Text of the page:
PHOTO TIP - COMPOSITION: Poor photo composition can make a fantastic subject dull; but a well-set scene can create a wonderful image from the most ordinary of situations. It is critical to understand how all the decisions you make about composition can affect the way a shot looks and how people perceive your photos. The way you frame a shot, choose a focal length, or position objects in a scene can make a big difference in your final image.
________________________________________
Thanks so much for the features/mentions this week from:
⬇⬇⬇⬇⬇⬇⬇⬇⬇⬇⬇⬇
🔹 @chrismoyerphotography
🔹 @awe_inspiringshots
🔹 @ic_longexpo
🔹 @beautifulworld_pics1
🔹 @hdr_pics
🔹 @lewhisperers
🔹 @ip_connect
🔹 @mafiaskylove
🔹 @u_got_framed
🔹 @clubsocial
🔹 @carlos_koji
🔹 @Phenomenalshot
🔹 @alecohe
________________________________________
Check out Dan Fields @danfieldsphotog to see his world class images.
________________________________________ (at San Diego, California)

________________________________________
Location: San Diego, California, USA
________________________________________
The colorful sunsets in San Diego can be pretty amazing. For those of you that have not seen the sunsets here, it can make your jaw drop to see you such fantastic colors changing as the sun drops below the horizon. I was very interested in what causes these colors so I looked it up on Google. It has to do with the molecules and small particles in the atmosphere changing the direction of the sun’s light rays, causing them to scatter. It is too complicated to explain in any great detail, but look it up if you are interested in reading more about it.
________________________________________
My Gear & Settings
⬇⬇⬇⬇⬇⬇⬇⬇⬇⬇⬇⬇
🔹 Camera: Sony A7R
🔹 Lens: Zeiss Distagon T* 21mm f/2.8
🔹 Aperture: f/8
🔹 ISO: 100
🔹 Mode: Manual
🔹 Exposure Time: 3.5 minutes
🔹 Tripod: Gitzo 5 Series
🔹 Head: RRS BH-55
🔹 Filters: Singh-Ray 10 Stop ND & 1.2 SGND
🔹 This is a single shot, no blending of multiple images
________________________________________
PHOTO TIP: USING SOFT GRAD ND FILTERS: When you are shooting sunsets, the sky is almost always brighter than the foreground. If you don’t balance the bright sky with the darker foreground, either the sky will be overexposed, or the foreground will be under exposed, resulting in an image that looks radically different from the real thing. By positioning an ND grad filter in front of the lens so that the dark part of the filter covers the brightest part of the sky, you should be able to evenly balance the exposure. The image can now be captured in one frame, rather than merging multiple images or using HDR.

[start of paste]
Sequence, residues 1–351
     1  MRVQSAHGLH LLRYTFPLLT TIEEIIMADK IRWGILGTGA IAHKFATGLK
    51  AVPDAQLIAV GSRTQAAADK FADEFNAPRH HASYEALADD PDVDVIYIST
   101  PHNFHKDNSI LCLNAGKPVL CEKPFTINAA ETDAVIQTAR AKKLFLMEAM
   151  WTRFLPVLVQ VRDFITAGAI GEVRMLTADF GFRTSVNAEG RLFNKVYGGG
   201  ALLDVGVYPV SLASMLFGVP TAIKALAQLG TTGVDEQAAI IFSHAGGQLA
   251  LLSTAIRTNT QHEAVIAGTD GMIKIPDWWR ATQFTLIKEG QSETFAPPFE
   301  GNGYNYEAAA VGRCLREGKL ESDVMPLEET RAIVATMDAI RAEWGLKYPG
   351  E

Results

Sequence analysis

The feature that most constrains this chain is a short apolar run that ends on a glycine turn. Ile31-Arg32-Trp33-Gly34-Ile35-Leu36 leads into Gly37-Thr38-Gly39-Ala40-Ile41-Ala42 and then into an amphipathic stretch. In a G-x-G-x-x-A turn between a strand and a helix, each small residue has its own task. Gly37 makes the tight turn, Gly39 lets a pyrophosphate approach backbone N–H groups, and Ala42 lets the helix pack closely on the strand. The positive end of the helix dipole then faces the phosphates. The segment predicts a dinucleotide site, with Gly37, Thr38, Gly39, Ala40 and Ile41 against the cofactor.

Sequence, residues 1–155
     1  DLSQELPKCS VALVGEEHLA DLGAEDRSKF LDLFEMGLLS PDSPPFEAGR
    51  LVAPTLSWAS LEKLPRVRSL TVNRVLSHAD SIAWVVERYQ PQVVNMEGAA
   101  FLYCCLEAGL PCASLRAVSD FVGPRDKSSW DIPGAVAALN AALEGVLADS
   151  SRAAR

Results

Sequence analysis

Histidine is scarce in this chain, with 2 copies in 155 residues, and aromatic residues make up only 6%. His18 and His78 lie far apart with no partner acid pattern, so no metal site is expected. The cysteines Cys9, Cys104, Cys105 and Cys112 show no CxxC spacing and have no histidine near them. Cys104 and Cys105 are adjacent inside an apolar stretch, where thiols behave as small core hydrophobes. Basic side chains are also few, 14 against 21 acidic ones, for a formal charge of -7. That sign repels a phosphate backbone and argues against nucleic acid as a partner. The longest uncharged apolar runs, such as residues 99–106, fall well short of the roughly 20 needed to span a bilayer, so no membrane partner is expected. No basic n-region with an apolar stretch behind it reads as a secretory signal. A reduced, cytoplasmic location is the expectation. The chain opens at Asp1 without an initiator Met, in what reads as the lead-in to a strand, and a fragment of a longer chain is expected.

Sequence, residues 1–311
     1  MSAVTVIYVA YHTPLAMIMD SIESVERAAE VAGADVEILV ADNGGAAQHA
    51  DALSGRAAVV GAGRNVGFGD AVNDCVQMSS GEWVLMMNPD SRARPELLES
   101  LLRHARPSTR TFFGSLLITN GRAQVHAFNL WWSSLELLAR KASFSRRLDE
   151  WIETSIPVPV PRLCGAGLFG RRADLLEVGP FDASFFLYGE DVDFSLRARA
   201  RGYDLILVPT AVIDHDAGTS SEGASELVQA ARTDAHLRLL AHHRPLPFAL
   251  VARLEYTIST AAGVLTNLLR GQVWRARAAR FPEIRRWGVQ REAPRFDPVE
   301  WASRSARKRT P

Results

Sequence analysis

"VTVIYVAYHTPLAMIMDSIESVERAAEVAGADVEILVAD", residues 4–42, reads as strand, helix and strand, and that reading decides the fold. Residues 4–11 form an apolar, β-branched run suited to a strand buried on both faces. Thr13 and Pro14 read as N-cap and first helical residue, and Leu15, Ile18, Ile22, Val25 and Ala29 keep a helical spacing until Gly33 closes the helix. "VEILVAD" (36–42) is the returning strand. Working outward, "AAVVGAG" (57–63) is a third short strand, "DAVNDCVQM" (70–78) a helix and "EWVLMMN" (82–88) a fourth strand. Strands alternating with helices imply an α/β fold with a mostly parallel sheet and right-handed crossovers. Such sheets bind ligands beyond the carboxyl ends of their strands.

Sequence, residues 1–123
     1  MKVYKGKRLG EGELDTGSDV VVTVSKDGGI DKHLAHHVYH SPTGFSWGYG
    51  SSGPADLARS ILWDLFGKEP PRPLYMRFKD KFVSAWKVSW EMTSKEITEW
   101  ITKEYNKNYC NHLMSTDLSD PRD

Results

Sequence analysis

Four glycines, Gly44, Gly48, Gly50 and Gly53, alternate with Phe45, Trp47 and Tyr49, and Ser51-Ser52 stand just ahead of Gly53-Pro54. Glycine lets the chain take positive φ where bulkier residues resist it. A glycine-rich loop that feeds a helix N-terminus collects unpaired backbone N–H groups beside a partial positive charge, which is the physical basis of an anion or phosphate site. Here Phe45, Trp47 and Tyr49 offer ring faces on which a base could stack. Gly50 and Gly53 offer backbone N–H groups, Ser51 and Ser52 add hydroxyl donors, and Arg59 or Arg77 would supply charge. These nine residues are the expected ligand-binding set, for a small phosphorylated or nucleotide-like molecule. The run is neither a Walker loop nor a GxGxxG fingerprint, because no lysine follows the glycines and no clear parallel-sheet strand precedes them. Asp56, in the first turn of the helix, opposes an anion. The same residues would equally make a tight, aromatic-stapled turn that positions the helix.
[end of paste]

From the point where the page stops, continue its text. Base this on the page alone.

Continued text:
________________________________________
Thanks so much for the features/mentions this week from:
⬇⬇⬇⬇⬇⬇⬇⬇⬇⬇⬇⬇
🔹 @bestvacations
🔹 @sunset_madness
🔹 @ic_nature
🔹 @neradog
🔹 @clubsocial
🔹 @carlos_koji
🔹 @Phenomenalshot
🔹 @exploringtheglobe
🔹 @alecohe
________________________________________ (at San Diego, California)

Location: Dusk at Glacier Point, Yosemite National Park
_________________________________________
My great friend Dan Fields @danfieldsphotog and I recently returned from another epic trip to Yosemite National Park. What an adventure! The park explodes with such natural beauty, you are always on sensory overload! I took this shot at dusk from Glacier Point looking out towards the iconic Half Dome, just before the sunlight completely faded away. This was the first time I had ever seen linticular clouds. What an amazing sight! The colors and cloud formations were mind blowing; almost to vivid to believe. Many thanks to Dan for his edit of my image!
_________________________________________
A Back Story:
On our previous trip to Yosemite in the Spring, Dan and I were alarmed when we had a close encounter with a big Black Bear while walking on a dirt trail at midnight. On our most recent trip, we actually had four encounters with big Black Bears! The first was when I was walking in the bottom of a rocky dry riverbed. I was looking down while walking, trying not to slip and fall, when Dan started yelling at me from his position high atop the river bank. I looked up, and directly in my path was a 300 pound Black Bear headed right towards me! My first instinct was to run, but logic prevailed and I stopped, then climbed up the steep rocky river bank towards Dan and he pulled me up to safety. Talk about close encounters! We ended up tracking the bear for the next hour or so. This was just one of so many incredible experiences that Dan and I have on our adventures.
_________________________________________
My Gear & Settings
⬇⬇⬇⬇⬇⬇⬇⬇⬇⬇⬇⬇
🔹 Camera: Canon 1DX
🔹 Lens: Canon 70-200mm
🔹 Focal Length: 78mm
🔹 Mode: Manual
🔹 Aperture: f/16
🔹 ISO: 400
🔹 Exposure Time: 5 sec
🔹 Tripod: Gitzo 5 Series
🔹 Head: RRS BH-55
🔹 GPS: Canon GP-E1
🔹 Filters: Singh-Ray & Lee 0.6 ND Soft Grad
_________________________________________
Please be sure to check out Dan Fields’ feed for some epic images.
⬇⬇⬇⬇⬇⬇⬇⬇⬇⬇⬇⬇
🔹 @danfieldsphotog
_________________________________________ (at Yosemite National Park)